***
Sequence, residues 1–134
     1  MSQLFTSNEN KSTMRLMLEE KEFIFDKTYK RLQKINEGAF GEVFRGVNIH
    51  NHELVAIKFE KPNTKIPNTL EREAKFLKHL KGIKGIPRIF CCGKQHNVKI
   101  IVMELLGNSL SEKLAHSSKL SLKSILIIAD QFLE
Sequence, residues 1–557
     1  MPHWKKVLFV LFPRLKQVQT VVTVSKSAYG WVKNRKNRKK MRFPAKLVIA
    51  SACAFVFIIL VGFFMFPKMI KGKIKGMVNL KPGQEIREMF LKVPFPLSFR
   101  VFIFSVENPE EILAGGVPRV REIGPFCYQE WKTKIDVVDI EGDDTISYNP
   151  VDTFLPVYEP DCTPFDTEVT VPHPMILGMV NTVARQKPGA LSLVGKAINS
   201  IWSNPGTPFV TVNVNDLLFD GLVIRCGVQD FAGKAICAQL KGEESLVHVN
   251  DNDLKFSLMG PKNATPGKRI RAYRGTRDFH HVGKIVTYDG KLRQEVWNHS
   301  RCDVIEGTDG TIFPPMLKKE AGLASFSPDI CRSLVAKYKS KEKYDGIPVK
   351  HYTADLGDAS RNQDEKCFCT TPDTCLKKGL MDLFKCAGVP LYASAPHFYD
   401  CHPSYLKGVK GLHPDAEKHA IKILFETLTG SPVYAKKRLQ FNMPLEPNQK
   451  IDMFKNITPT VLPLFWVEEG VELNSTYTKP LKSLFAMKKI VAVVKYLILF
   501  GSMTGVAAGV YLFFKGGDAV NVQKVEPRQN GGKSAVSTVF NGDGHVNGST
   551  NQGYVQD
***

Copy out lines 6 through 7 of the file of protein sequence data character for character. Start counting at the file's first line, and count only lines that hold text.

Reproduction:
     1  MPHWKKVLFV LFPRLKQVQT VVTVSKSAYG WVKNRKNRKK MRFPAKLVIA
    51  SACAFVFIIL VGFFMFPKMI KGKIKGMVNL KPGQEIREMF LKVPFPLSFR